1 vial


1 tablet 100mg

10 cents

Hybloc, Trandate

  1. Hypertension

Hybloc 50mg, 100mg, 200mg, 400mg

Bolus: 10-20mg over 2 minutes
Infusion: 300mg in 60ml (undiluted) at a rate of 0-30 ml/hr (0-150mg/hr)
Compatible with the following IV fluids:
5% dextrose Glucose and sodium chloride Normal saline


50-100mg 12 hourly; may be increased to maximum of 600mg 6 hourly if required.

10-20mg bolus over 2 minutes
Infusion of 300mg in 60ml (undiluted) at rate of 0-30 ml/hr (0-150 mg/hr)


1-2mg/kg 12 hourly; may increase to 10mg/kg 6 hourly

0.25-0.5mg/kg over 2 minutes repeated every 10 minutes if required
For infusion, 50mg/kg in 50ml of compatible IV fluid at 0-3ml/hr (0-3mg/kg/hr)

Dose as in normal renal function

Labetalol hydrochloride is an adrenergic receptor blocking agent that has both selective alpha1-adrenergic and nonselective beta-adrenergic receptor blocking actions in a single substance. Labetalol is completely absorbed from the gastrointestinal tract with peak plasma levels occurring 1-2 hours after oral administration. The absolute bioavailability (fraction of drug reaching systemic circulation) of labetalol when compared to an IV infusion is 25%; this is due to extensive "first-pass" metabolism. Despite "first-pass" metabolism there is a linear relationship between oral doses of 100-3000 mg and peak plasma levels. The absolute bioavailability of labetalol is increased when administered with food.


  1. Sinus bradycardia,

  2. Heart block greater than first degree,

  3. Cardiogenic shock,

  4. Overt cardiac failure

  5. Asthma

Hepatic Injury
Severe hepatocellular injury, confirmed by rechallenge in at least one case, occurs rarely with labetalol therapy. The hepatic injury is usually reversible, but hepatic necrosis and death have been reported.
Cardiac Failure
Sympathetic stimulation is necessary in supporting circulatory function in congestive heart failure, and beta blockade carries the potential hazard of further depressing myocardial contractility and precipitating more severe failure.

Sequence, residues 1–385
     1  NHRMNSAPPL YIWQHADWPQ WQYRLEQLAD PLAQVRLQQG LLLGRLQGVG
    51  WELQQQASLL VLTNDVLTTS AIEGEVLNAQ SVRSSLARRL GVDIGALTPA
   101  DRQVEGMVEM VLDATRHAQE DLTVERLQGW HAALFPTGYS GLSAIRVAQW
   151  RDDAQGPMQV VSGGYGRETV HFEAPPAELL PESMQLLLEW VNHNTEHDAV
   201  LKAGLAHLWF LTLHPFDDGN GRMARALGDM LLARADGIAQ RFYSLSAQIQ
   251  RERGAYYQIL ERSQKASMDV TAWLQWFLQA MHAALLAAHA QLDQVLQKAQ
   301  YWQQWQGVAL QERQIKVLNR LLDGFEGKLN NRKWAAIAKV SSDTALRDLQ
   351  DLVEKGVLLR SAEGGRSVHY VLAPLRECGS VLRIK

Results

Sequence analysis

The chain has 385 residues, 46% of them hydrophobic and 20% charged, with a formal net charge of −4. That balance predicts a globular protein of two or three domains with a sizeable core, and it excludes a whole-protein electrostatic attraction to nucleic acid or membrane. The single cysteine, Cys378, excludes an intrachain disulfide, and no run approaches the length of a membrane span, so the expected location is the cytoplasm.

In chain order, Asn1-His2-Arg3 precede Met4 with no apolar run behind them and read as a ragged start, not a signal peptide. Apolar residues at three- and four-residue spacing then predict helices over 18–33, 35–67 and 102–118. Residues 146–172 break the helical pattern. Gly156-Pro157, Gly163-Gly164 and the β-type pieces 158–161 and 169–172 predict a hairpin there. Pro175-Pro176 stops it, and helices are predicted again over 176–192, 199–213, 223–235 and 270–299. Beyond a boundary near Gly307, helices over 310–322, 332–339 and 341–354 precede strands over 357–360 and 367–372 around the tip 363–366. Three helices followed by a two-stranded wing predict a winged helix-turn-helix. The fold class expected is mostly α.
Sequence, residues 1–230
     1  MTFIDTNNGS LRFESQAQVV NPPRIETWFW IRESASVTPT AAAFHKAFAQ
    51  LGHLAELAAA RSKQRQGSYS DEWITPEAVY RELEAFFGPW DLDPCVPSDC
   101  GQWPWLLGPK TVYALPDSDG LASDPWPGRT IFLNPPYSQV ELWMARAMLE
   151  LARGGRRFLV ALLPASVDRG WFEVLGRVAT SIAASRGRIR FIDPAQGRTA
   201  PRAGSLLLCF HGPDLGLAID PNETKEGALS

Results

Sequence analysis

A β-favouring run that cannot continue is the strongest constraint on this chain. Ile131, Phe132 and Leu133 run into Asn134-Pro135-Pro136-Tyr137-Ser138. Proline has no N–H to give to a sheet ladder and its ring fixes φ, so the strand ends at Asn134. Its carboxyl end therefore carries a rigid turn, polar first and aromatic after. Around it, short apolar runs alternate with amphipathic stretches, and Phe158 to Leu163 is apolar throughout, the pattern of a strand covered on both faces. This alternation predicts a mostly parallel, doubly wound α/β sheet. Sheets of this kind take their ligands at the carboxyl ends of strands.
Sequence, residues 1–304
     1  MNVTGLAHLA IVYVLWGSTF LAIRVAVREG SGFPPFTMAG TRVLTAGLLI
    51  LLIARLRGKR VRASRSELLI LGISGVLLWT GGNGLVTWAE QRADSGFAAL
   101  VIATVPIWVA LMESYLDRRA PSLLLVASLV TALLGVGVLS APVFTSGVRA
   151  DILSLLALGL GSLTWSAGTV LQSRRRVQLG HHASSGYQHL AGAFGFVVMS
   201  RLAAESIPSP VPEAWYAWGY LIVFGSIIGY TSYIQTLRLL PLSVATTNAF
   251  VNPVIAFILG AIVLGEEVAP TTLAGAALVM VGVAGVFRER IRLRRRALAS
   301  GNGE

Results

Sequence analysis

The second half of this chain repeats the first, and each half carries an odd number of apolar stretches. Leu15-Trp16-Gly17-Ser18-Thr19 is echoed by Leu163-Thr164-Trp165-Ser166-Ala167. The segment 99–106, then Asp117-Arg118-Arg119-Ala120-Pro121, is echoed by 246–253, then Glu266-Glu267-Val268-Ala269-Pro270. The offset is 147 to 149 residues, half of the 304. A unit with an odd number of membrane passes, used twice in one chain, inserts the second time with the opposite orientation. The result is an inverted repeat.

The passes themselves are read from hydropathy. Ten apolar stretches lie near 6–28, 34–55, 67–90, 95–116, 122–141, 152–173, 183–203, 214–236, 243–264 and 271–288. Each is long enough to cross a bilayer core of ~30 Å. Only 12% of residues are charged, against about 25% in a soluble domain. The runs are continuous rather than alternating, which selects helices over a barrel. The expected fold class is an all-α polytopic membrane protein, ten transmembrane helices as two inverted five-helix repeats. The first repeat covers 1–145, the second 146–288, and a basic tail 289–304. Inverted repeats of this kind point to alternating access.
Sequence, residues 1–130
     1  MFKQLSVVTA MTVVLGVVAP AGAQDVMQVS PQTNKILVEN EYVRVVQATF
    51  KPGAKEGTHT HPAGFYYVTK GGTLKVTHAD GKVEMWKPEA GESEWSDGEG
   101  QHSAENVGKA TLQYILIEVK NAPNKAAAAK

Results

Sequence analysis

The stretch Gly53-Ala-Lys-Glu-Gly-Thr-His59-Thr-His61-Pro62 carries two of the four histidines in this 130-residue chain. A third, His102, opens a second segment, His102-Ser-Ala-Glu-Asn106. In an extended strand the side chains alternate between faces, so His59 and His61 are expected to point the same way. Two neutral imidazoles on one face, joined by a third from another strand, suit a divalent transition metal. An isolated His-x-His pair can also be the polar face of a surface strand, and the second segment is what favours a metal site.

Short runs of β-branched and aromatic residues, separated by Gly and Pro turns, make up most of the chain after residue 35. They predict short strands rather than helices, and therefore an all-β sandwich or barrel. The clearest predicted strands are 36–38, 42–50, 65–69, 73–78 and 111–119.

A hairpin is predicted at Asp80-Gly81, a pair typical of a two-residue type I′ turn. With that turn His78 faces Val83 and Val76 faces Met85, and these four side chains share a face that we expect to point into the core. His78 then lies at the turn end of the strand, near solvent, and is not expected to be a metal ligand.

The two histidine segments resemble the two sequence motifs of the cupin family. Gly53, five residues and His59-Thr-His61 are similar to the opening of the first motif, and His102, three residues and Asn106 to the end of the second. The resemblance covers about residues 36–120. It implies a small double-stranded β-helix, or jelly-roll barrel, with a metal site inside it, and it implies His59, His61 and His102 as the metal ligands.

Discontinuation of therapy
Discontinuation of therapy in a patient with coronary artery disease may lead to rebound angina, arrhythmia or myocardial infarction.
Diabetes and Hypoglycaemia
Beta blockers may mask tachycardia occurring with hypoglycaemia.
Beta-adrenergic blockade may mask certain clinical signs (e.g., tachycardia) of hyperthyroidism. Abrupt withdrawal of beta blockade might precipitate a thyroid storm.
Rapid Decreases of Blood Pressure
Caution must be observed when reducing severely elevated blood pressure. A number of adverse reactions, including cerebral infarction, optic nerve infarction, angina, and ischemic changes in the electrocardiogram have been reported with other agents when severely elevated blood pressure was reduced over time courses of several hours to as long as 1 or 2 days. The desired blood pressure lowering should therefore be achieved over as long a period of time as is compatible with the patient's status.

Impaired Hepatic Function:
Labetalol should be used with caution in patients with impaired hepatic function since metabolism of the drug may be diminished.

Laboratory Tests:
No tests in addition to routine ICU tests are required

Drug/Laboratory Test Interactions :
The presence of labetalol metabolites in the urine may result in falsely elevated levels of urinary catecholamines, metanephrine, normetanephrine, and vanillylmandelic acid when measured by fluorimetric or photometric methods. In screening patients suspected of having a pheochromocytoma and being treated with labetalol, a specific method, such as a high performance liquid chromatographic assay with solid phase extraction should be employed in determining levels of catecholamines.

Labetalol has also been reported to produce a false-positive test for amphetamine when screening urine for the presence of drugs using the commercially available assay methods Toxi-Lab A (thin-layer chromatographic assay) and Emit-d.a.u. (radioenzymatic assay). When patients being treated with labetalol have a positive urine test for amphetamine using these techniques, confirmation should be made by using more specific methods, such as a gas chromatographic-mass spectrometer technique.

Beta blockers may exacerbate the rebound hypertension which can follow the withdrawal of clonidine. Drugs possessing beta-blocking properties can blunt the bronchodilator effect of beta-receptor agonist drugs in patients with bronchospasm; therefore, doses greater than the normal anti-asthmatic dose of beta-agonist bronchodilator drugs may be required.

Body as a Whole:
Tiredness, Fatigue
Cardiovascular System:
Bradycardia, Cold extremities, Hypotension, Leg pain
Respiratory System:
Wheeziness, Dyspnoea
Digestive System:
Diarrhoea, Nausea, Hepatitis
Nervous System:
Dizziness, Vertigo, Light-headedness